STATE of Louisiana v. Mark Stephen COZZETTO.
Granted. The decision of the court of appeal is reversed, defendant's sentence of five years imprisonment at hard labor for first degree vehicular negligent injuring in violation of La. R.S. 14:39.2, is reinstated, and this case is remanded to the district court for execution of sentence.
The sources of information upon which a trial court may rely at sentencing are varied and “may include evidence usually excluded from the courtroom at the trial of guilt or innocence, e.g., hearsay and arrest as well as conviction records.” State v. Myles, 94-0217, pp. 2-3 (La.6/3/94), 638 So.2d 218, 219 (citing Williams v. New York, 337 U.S. 241, 69 S.Ct. 1079, 93 L.Ed. 1337 (1949)). In sentencing the present defendant, the trial judge had the benefit of testimony at a motion hearing from the officer who responded to the report of the accident. According to the officer, a medical assessment on the scene of the victim's injuries indicated that her femur had been broken “right near the hipbone ․ right in that area where they connect.” The injury was “pretty serious ․ for someone of her age.” The officer later saw the victim in the hospital and concluded that the injury had caused “obvious disfigurement.” The medical staff indicated that “for a female of her age ․ it's going to be pretty tough to recover from.” Witnesses on the scene described to the officer how after they had helped defendant out of his vehicle, he had pushed them away and “took off running,” leaving the seriously injured and incapacitated victim behind.
The trial judge also had benefit of defendant's admission during the plea colloquy that the state's summary of the factual basis for the plea was basically correct, including the finding that he had had “an alcohol level of .23 over the legal limit required by Louisiana statutes.” In that context, the trial court noted at sentencing that defendant's prior misdemeanor convictions stemmed from an initial arrest for second offense D.W.I., and thus also apparently involved his excessive use of alcohol.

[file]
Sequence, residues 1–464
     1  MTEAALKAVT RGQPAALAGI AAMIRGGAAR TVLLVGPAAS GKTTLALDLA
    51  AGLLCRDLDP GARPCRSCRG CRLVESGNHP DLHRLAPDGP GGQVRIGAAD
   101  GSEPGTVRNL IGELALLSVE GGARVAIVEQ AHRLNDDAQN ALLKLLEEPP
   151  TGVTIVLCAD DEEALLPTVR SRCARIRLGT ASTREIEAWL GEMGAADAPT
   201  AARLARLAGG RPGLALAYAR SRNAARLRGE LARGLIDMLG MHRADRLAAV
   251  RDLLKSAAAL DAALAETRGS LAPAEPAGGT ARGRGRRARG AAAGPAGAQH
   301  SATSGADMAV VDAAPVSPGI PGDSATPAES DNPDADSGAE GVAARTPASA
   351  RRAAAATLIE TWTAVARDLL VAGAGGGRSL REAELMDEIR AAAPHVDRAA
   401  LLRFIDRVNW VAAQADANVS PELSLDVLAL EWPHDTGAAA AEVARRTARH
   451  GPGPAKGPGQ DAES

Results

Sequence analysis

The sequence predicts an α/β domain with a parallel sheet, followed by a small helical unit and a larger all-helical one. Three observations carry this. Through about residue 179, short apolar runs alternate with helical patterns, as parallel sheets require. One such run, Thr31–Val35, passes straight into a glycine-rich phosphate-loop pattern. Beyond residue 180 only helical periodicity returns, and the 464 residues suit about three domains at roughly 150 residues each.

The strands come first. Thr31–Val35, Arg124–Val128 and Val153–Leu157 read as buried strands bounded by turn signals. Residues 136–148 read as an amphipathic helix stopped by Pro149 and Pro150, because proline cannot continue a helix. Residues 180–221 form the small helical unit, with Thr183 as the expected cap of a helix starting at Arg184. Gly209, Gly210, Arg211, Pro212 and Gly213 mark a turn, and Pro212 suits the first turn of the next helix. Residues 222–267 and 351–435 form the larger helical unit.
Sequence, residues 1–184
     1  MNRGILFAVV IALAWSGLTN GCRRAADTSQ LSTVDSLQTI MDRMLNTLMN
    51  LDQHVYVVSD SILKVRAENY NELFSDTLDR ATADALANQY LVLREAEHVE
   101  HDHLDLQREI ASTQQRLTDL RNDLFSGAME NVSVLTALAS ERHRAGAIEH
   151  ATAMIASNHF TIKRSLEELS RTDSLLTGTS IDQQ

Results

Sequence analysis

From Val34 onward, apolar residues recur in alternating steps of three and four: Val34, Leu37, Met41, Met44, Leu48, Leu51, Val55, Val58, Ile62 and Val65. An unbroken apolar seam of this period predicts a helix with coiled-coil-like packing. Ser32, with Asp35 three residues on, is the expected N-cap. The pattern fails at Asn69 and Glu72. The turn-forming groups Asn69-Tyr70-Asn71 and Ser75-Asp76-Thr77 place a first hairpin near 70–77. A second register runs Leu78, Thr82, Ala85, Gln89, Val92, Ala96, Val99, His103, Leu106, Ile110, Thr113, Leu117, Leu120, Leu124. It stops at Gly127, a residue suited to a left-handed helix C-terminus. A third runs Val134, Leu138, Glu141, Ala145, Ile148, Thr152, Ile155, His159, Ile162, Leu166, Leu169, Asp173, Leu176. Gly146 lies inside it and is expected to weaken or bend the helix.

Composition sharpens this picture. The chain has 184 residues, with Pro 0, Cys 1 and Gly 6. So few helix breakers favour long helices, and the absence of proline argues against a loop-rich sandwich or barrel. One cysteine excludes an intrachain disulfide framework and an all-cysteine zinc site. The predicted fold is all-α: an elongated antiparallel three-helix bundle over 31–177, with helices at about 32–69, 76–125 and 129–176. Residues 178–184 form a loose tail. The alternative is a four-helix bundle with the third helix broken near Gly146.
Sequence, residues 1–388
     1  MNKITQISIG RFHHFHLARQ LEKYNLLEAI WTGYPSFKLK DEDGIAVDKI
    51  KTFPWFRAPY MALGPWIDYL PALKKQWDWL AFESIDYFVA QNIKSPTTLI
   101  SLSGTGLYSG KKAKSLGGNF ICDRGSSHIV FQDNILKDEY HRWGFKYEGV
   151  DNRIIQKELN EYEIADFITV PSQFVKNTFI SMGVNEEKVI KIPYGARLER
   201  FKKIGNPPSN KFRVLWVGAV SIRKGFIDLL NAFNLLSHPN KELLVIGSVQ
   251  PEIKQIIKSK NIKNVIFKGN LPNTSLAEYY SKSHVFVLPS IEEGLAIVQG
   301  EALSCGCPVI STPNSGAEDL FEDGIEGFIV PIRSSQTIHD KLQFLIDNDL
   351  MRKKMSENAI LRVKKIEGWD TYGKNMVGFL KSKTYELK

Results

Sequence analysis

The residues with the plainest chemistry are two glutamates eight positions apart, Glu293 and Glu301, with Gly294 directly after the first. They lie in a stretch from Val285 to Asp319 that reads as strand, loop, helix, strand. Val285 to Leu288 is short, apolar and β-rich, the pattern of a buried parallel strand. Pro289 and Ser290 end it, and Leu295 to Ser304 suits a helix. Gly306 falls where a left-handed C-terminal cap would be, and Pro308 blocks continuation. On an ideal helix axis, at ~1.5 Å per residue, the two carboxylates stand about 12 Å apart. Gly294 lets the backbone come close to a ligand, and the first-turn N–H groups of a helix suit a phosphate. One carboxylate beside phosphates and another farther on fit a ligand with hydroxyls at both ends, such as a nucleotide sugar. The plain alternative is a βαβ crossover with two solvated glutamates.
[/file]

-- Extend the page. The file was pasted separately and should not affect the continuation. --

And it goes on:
In combination, the circumstances recited by the court in its reasons provided an adequate factual basis for the court's conclusion that by fleeing the scene of the accident resulting from his extreme intoxication after causing the victim serious injury the defendant had placed himself among the most blameworthy offenders committing the charged crime. State v. Quebedeaux, 424 So.2d 1009, 1014 (La.1982)(maximum sentences “are reserved for ․ the most serious violations of the charged offense and for the worst kind of offender.”). The court of appeal's conclusion that a lesser sentence, no greater than three years at hard labor, “would not deprecate the seriousness of the offense,” State v. Cozzetto, 42,259, p. 8 (La.App. 2nd Cir.8/15/07), 962 So.2d 1225, 1230, did not provide an adequate basis for substituting its judgment as to an appropriate sentence for that of the trial judge, who may exercise broad sentencing discretion within the limits imposed by La. Const. art. I, § 20. State v. Humphrey, 445 So.2d 1155, 1165 (La.1984)(“On review of the excessiveness claims, the only question is whether the trial court abused its broad sentencing discretion, not whether another sentence might have been more appropriate.”) (citation omitted); cf. La.C.Cr.P. art. 881.4(D)(“The appellate court shall not set aside a sentence for excessiveness if the record supports the sentence imposed.”).